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Financial Instruments: Comprehensive Project

Date recorded:

The staff informed the Board that this was the first of two sessions at the December meeting. At this first session the following topics were discussed:

  • Debrief on the public roundtable meetings on the global financial crisis;
  • Assessment of embedded derivatives on reclassification; and
  • Impairment of financial assets.

Debrief on the public roundtable meetings on the global financial crisis

Staff presented a summary of the three roundtables held in November and December 2008 in London, Norwalk, and Tokyo. While many issues were raised at the round table with impairment being the most discussed, none of the issues were identified as so urgent as to require changes to be applicable for 2008 reporting periods.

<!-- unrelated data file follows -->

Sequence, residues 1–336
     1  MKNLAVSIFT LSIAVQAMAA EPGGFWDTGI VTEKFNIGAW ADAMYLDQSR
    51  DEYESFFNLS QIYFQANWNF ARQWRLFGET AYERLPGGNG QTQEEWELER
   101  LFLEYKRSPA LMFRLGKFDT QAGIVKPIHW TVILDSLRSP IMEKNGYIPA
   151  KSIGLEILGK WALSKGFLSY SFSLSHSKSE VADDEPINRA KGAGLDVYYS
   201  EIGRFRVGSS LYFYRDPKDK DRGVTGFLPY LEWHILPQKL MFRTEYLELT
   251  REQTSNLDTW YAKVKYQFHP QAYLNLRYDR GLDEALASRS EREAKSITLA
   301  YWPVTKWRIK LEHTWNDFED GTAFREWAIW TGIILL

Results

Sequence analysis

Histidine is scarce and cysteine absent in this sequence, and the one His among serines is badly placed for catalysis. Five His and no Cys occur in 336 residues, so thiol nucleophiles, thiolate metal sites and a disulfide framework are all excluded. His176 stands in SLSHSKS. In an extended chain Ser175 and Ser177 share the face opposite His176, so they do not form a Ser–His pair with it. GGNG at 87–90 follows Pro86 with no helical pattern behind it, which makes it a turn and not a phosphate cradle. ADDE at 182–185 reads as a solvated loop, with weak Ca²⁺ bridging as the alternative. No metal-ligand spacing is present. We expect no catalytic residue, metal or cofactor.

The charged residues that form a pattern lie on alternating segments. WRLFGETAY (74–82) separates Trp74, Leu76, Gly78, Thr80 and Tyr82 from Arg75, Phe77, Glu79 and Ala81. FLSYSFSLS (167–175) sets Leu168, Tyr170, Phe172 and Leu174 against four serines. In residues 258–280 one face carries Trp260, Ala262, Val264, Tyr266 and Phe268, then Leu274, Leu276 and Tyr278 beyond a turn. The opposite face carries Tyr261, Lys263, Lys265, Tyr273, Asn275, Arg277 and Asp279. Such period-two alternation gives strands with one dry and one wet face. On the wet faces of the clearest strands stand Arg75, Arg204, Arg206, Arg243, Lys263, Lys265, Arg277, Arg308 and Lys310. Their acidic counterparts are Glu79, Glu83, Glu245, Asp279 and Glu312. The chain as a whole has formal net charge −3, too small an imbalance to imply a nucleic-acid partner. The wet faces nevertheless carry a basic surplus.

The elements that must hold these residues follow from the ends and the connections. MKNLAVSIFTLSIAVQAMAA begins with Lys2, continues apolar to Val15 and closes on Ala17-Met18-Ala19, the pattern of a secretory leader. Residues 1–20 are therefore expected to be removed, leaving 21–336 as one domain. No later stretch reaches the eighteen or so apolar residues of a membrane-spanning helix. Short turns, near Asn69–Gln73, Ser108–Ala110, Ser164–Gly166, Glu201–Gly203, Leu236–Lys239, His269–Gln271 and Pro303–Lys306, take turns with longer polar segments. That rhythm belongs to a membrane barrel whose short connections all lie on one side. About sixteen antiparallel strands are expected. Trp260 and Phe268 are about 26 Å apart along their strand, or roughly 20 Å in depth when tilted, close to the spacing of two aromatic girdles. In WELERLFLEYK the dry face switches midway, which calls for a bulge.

Many participants held the view that any further steps should ensure convergence between IFRS and US GAAP and follow due process (possibly accelerated). It was further noted that a comprehensive review of financial instruments accounting was necessary.

The IASB will publish a summary along with a list of participants in due course as requested by one Board member. Staff stressed that the roundtables had been webcast and recordings are publicly available.

The IAS Plus notes from the three roundtables can be found here.

Assessment of embedded derivatives on reclassification

The staff introduced the topic by noting that some participants at the round tables highlighted the interaction of IFRIC 9 Reassessment of Embedded Derivatives with the recent Reclassification Amendments to IAS 39/IFRS 7. It was suggested to amend IFRS to make clear that, on reclassification, an entity would be required to assess whether an embedded derivative would have to be separately accounted for under IAS 39.